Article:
Report Highlights Child Labour on US Tobacco Farms
Children as young as 7 are working long hours in fields harvesting nicotine- and pesticide-laced tobacco leaves under sometimes hazardous and sweltering conditions, according to a report released today by an international rights group.
The Human Rights Watch report details findings from interviews with more than 140 children working on farms in North Carolina, Kentucky, Tennessee and Virginia, where a majority of the country's tobacco is grown.
The group acknowledges that most of what it documented is legal under US law but aims to highlight the practise and urge both governments and tobacco companies to take further steps to protect children from the hazardous harvesting of the cash crop that has built businesses, funded cities and influenced cultures.
"The US has failed America's families by not meaningfully protecting child farmworkers from dangers to their health and safety, including on tobacco farms," said Margaret Wurth, children's rights researcher and co-author of the report.
"Farming is hard work anyway, but children working on tobacco farms get so sick that they throw up, get covered by pesticides and have no real protective gear."
Children interviewed by the group in 2012 and 2013 reported vomiting, nausea and headaches while working on tobacco farms.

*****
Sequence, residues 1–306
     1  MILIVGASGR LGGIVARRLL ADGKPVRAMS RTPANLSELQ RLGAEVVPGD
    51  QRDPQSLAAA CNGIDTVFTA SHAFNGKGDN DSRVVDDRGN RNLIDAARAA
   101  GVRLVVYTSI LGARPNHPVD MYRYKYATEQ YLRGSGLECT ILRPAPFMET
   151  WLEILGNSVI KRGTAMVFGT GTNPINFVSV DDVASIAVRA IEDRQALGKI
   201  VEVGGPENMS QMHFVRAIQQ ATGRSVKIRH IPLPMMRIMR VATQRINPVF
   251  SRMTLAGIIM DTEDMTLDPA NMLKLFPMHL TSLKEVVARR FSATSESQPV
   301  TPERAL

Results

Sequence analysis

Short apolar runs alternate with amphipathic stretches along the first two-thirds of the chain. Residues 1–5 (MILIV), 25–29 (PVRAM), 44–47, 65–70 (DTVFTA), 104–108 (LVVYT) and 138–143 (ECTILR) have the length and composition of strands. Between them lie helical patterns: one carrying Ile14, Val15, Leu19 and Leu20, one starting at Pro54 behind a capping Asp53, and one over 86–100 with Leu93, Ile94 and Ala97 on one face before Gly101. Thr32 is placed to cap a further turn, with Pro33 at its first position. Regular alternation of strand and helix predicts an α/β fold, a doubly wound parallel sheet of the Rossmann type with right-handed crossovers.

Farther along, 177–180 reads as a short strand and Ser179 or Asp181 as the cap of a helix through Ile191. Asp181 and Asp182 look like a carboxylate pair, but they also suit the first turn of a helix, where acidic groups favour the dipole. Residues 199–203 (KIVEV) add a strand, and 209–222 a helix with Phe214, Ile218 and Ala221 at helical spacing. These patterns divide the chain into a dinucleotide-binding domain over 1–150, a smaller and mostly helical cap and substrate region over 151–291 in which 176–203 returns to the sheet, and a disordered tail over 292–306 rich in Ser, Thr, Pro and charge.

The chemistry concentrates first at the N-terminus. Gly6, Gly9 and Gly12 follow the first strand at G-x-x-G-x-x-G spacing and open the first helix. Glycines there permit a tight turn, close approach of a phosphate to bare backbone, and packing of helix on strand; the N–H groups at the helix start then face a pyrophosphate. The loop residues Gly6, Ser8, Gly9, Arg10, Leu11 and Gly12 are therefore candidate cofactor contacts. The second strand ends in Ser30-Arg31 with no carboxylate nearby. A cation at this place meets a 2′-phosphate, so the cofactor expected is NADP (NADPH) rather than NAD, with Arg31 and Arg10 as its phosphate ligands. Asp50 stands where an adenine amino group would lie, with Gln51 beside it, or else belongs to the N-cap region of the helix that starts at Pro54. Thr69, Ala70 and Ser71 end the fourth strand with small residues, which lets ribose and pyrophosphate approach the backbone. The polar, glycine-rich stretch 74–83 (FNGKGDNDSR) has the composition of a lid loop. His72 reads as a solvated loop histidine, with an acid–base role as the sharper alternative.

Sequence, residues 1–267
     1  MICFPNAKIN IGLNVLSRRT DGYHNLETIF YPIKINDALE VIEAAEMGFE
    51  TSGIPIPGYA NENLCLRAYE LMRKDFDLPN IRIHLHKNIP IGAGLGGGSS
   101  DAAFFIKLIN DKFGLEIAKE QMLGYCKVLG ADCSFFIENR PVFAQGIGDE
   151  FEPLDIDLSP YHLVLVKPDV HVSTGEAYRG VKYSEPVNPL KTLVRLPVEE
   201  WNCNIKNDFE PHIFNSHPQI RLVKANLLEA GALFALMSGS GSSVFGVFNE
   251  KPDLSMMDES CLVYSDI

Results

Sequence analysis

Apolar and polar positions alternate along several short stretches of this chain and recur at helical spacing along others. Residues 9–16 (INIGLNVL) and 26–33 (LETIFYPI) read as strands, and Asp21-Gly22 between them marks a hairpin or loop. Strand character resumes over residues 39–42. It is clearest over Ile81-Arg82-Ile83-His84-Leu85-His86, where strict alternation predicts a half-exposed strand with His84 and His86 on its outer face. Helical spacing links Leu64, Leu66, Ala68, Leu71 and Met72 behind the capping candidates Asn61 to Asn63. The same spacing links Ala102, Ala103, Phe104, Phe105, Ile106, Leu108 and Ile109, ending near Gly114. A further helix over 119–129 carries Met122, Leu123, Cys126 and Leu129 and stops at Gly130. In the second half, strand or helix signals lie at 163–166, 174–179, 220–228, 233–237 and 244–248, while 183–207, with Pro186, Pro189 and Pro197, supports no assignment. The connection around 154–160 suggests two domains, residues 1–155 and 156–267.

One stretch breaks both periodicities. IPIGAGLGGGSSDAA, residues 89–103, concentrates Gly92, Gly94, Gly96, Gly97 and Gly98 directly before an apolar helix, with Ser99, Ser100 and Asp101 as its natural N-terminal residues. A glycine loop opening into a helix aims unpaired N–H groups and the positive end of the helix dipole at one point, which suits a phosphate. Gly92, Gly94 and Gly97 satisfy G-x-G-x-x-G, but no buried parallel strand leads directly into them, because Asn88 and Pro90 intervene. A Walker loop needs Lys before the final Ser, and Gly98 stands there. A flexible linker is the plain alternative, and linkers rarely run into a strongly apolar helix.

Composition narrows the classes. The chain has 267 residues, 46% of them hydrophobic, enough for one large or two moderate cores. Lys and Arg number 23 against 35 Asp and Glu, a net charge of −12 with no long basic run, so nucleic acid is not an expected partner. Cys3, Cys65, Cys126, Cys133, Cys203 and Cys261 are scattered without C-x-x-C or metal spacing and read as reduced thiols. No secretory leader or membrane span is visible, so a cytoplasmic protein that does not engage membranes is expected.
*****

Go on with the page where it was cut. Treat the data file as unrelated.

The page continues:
The symptoms they reported are consistent with nicotine poisoning often called Green Tobacco Sickness, which occurs when workers absorb nicotine through their skin while handling tobacco plants.
The children also said they worked long hours, often in extreme heat, without overtime pay or sufficient breaks and wore no, or inadequate, protective gear.
According to the report, US agriculture labour laws allow children to work longer hours at younger ages and in more hazardous conditions than children in any other industry.
With their parent's permission, children as young as 12 can be hired for unlimited hours outside of school hours on a farm of any size. And there's no minimum age for children to work on small farms.
In 2011, the Labour Department proposed changes that would have prohibited children under 16 from working on tobacco farms, but they were withdrawn in 2012.
Human Rights Watch met with many of the world's biggest cigarette makers and tobacco suppliers to discuss its findings and encourage them to adopt or strengthen policies to prevent the practices in their supply chains.